About St Barbe
Located at the heart of the beautiful, historic coastal market town of Lymington, St Barbe is both a dynamic museum and highly regarded art gallery that appeals to both locals and New Forest visitors.
The museum explores the history of Lymington and the New Forest Coast, inspired by local pride, and supported by the local community, its collections and colourful, hands-on displays offer a fascinating insight into the area for all ages.
The Art Galleries – Changing Exhibitions
Designed to the highest specifications, the two art galleries host an active temporary exhibitions programme featuring a wide range of subjects throughout the year. Our exhibitions change every 8 weeks and the exclusive exhibition programme combines loans from the country’s finest public and private collections with the best of local art to create shows of national and regional significance.
'Fantastic Museum, friendly staff and volunteers, and lots for the children to do. Exhibitions are of high quality and the selling gallery with the cafe is a unique idea. Great fun'
The museum’s collections represent life in the coastal strip to the south of the New Forest, the towns of Lymington and New Milton, Barton-on-Sea and the parishes of Boldre, Hordle, Milford and Sway. They illustrate how Lymington developed as a market town and port and reveal smugglers, salt makers and boat builders who have used the Solent shore.
The collections reflect aspects of life in the area from prehistory to the present day including home life, industry, shops, trades, farming, leisure, sport, war, holidays and the local environment.
We also hold an extensive photographic archive of the area. The museum now collects material in a digital format. We also specifically collect material for handling in our educational work with schools, pre-schools, families, the elderly and special interest groups.
If you have something which you think might be of interest to the museum please contact us.
The museum displays provide a colourful, hands on introduction to the New Forest coast. As well as historic artefacts to see there are objects to handle, costumes to try on and a range of activities including a replica pilot boat wheelhouse.
Sea to Land
Reveals that the world-famous fossils of the Barton cliffs tell us this area was once covered by sub-tropical sea and home to sharks, whales and alligators.
See how local people have harvested the waters of the Solent and the Channel and how the changing environment has affected fishing methods.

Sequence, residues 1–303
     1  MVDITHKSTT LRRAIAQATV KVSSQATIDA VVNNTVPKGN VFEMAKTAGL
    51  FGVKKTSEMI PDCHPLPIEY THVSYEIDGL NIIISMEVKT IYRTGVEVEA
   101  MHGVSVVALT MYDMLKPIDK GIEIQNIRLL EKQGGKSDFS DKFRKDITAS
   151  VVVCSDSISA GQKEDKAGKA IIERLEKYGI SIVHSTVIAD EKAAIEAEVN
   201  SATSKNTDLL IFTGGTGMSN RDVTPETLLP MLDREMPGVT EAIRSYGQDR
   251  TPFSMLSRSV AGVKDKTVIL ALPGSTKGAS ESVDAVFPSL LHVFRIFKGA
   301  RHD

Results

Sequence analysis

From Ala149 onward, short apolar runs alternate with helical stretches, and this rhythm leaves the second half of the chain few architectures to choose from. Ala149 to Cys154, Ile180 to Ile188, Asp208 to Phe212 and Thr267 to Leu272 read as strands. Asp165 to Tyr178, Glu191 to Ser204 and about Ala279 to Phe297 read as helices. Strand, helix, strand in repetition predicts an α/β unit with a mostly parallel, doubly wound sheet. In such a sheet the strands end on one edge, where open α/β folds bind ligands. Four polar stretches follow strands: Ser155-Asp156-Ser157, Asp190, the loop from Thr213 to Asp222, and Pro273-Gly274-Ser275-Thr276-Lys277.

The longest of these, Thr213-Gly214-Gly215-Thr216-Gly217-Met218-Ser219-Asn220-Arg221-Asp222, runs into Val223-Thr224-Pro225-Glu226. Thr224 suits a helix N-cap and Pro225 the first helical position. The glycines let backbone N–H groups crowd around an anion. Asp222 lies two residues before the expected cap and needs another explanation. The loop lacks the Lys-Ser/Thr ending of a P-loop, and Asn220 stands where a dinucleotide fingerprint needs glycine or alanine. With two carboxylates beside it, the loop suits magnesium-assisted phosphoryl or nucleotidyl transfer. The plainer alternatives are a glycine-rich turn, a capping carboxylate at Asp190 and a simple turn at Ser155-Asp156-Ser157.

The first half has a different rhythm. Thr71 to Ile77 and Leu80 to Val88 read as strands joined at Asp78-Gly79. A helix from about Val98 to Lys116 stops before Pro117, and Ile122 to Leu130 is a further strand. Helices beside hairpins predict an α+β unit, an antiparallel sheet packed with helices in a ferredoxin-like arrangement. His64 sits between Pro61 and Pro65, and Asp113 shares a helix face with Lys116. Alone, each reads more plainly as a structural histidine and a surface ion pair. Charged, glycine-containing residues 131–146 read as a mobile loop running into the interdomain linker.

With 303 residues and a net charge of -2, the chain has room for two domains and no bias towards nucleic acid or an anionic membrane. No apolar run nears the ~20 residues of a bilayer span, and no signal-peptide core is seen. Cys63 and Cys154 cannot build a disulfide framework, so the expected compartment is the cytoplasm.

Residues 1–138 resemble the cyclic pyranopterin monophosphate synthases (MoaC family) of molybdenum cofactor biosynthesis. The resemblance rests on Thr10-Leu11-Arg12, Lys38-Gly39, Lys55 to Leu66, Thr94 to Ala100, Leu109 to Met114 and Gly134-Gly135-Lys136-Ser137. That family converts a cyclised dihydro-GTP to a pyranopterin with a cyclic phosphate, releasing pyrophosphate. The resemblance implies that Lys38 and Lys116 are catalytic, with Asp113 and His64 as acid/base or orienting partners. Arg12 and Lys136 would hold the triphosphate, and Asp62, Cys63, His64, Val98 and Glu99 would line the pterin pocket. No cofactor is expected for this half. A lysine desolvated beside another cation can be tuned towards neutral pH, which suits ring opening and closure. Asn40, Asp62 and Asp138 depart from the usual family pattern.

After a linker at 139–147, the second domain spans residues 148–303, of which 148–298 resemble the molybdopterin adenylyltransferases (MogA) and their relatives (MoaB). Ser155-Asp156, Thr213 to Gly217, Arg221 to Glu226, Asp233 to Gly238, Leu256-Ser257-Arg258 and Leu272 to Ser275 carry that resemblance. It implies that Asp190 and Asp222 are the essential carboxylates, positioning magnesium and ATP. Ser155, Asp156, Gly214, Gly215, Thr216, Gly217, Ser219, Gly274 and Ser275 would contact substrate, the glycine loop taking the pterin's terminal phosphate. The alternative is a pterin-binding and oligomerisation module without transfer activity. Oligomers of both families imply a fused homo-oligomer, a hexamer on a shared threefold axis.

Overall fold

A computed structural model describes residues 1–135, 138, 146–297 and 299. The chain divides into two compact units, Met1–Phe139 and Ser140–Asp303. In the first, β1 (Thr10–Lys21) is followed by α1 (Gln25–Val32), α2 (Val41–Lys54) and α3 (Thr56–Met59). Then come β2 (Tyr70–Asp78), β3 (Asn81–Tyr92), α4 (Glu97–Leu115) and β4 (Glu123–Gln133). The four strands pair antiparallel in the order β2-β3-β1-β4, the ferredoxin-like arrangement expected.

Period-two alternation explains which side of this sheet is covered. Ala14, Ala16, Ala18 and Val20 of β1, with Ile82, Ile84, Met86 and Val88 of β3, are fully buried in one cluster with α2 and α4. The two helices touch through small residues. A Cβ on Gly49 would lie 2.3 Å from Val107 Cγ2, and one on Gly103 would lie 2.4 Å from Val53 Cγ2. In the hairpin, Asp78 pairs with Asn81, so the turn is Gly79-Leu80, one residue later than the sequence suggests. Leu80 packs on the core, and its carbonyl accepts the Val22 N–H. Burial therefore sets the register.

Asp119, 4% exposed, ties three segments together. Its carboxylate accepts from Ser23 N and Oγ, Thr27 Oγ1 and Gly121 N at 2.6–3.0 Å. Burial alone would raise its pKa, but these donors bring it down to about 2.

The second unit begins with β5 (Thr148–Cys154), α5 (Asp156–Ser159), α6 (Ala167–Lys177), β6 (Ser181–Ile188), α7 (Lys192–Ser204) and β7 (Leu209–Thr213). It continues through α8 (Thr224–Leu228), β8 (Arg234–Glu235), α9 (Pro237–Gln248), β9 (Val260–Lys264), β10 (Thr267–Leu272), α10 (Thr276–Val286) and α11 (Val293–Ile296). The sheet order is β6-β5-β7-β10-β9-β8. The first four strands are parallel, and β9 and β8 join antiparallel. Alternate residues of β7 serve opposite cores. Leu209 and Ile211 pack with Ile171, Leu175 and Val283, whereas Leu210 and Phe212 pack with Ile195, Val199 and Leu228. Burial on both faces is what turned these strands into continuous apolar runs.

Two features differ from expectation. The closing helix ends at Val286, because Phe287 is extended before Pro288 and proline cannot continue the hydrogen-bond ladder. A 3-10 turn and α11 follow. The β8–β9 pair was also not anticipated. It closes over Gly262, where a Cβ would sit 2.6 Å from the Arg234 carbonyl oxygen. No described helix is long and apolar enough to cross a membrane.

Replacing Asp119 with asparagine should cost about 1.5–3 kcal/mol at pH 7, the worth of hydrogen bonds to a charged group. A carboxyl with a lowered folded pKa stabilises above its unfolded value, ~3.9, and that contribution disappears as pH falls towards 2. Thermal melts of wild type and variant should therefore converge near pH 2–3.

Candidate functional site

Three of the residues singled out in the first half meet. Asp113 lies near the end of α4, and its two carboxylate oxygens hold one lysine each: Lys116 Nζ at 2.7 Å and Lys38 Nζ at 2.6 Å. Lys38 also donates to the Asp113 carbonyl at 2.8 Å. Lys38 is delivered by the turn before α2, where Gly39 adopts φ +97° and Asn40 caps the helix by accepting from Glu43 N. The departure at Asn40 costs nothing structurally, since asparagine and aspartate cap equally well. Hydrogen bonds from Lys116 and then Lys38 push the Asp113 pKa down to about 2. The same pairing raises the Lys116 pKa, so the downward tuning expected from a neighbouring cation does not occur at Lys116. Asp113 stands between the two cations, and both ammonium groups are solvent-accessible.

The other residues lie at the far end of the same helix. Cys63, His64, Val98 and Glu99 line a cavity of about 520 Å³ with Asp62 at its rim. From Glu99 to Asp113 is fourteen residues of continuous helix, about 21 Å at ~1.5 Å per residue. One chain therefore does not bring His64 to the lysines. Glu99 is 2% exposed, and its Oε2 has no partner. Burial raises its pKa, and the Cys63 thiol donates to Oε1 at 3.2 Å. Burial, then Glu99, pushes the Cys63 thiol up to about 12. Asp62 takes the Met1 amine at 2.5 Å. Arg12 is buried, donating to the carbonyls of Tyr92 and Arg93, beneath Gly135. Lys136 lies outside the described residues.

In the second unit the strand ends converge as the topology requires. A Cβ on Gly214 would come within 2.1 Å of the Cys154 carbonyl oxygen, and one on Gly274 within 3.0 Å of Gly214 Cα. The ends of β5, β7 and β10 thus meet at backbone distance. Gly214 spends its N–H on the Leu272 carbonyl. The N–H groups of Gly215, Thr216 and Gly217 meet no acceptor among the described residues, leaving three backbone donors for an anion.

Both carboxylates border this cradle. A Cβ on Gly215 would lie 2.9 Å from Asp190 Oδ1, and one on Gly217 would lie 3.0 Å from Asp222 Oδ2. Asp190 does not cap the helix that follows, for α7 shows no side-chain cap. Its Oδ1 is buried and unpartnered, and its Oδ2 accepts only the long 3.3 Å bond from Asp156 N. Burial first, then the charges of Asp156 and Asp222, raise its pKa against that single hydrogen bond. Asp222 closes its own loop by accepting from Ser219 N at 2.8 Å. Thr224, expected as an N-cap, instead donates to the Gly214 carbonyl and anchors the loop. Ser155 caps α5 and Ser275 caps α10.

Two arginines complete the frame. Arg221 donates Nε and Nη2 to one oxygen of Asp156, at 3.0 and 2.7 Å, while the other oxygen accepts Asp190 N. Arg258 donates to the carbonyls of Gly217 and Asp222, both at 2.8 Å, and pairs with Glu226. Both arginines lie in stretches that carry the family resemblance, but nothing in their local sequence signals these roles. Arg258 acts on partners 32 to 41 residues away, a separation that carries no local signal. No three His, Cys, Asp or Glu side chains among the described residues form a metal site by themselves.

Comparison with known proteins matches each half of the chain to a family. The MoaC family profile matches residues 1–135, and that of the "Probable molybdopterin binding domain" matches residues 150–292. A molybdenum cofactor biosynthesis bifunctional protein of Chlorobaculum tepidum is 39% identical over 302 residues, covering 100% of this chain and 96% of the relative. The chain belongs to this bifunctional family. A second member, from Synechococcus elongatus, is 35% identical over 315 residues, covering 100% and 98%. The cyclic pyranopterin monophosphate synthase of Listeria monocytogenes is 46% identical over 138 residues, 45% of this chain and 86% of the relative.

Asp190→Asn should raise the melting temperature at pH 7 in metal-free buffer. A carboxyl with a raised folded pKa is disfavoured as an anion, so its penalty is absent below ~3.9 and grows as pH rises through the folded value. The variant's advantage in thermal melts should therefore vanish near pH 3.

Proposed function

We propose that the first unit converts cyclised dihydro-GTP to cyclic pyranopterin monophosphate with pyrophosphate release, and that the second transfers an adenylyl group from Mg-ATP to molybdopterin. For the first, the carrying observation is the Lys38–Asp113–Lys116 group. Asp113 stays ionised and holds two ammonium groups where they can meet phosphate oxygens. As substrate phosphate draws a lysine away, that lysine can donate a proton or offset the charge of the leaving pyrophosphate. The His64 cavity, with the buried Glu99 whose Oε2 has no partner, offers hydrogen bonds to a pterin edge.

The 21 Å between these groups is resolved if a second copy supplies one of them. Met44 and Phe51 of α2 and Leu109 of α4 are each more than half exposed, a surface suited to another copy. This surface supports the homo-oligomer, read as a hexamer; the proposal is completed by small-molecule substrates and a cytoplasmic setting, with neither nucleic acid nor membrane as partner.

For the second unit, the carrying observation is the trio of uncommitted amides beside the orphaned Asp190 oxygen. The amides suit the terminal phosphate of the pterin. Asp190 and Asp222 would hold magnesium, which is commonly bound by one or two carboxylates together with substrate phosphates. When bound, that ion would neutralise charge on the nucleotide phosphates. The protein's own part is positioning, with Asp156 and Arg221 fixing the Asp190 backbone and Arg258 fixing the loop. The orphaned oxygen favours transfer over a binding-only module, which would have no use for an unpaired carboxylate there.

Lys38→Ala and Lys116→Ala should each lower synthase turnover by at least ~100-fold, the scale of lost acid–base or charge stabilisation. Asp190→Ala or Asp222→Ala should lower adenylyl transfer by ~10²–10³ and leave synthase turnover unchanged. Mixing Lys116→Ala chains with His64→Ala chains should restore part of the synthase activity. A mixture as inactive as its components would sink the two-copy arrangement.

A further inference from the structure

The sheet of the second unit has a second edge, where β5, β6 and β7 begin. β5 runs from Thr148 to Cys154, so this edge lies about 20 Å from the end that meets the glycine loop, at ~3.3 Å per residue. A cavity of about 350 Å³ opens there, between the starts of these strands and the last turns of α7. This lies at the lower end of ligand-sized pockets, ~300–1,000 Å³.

Sailing on the Solent
Traditional boat building and yachting with an original Lymington Scow on show.
Step into the interactive wheelhouse in our pilot boat .Here we focus on famous boat builders including Thomas Inman who built the yachts Alarm and Arrow for Joseph Weld, Dan Bran designer of the Lymington Pram and the Berthon Boat Company.
Marsh and Mud
Here the local salt marshes changed from a sportsman’s playground to a nature reserve. A gun punt used for wild-fowling in the shallow creeks of the Solent is on display.
From the beach where our bathing habits changed from the healthy sea water baths in the 18th century to beach huts and sun worshippers of the 20th century.
Lymington salt crystals - evaporated from sea water - were once an important industry and exported all over the world up until the 1850s.
Revealing the murky world of one of the most lucrative and widespread ‘industries’ of the 18th century. High taxes meant that all kinds of goods were smuggled along the Solent coast. The smugglers were highly organised and could be ruthlessly brutal in protecting their interests.
Road and Rail
See how roads and then the railways opened up the New Forest to visitors. Lymington’s branch line is one of the last still surviving in the country today.
A Tale of Two Towns
A look at how the towns of Lymington and New Milton developed. Lymington was given its charter in around 1200 and became a thriving market town and port for the south of the New Forest. Milton, however remained a small village until the arrival of the railway in 1888 when the focus moved north and the ‘New’ was added in 1897.
Shops and Traders
A story of Lymington’s market and the development of the High Street into one of the Forest’s most important shopping centres.
Looking at one of the town’s major employer in the 20th century. At its peak, during the Second World War, Wellworthy employed over 4,000 people making engine components, pistons and piston rings.
You can see the importance of the Solent coast for the country’s defence, from Henry VIII’s fort at Hurst Castle to the French royalist troops stationed at Lymington after the revolution and on to the area’s role in the build up to D-Day in 1944.
Step back into our farm house kitchen and scullery from the Victorian period to the 1930s featuring a host of domestic items dating back to the Victorian period.
Field and Forest
Take a look at the coastal area’s relationship with the New Forest and the importance of farming to the local economy.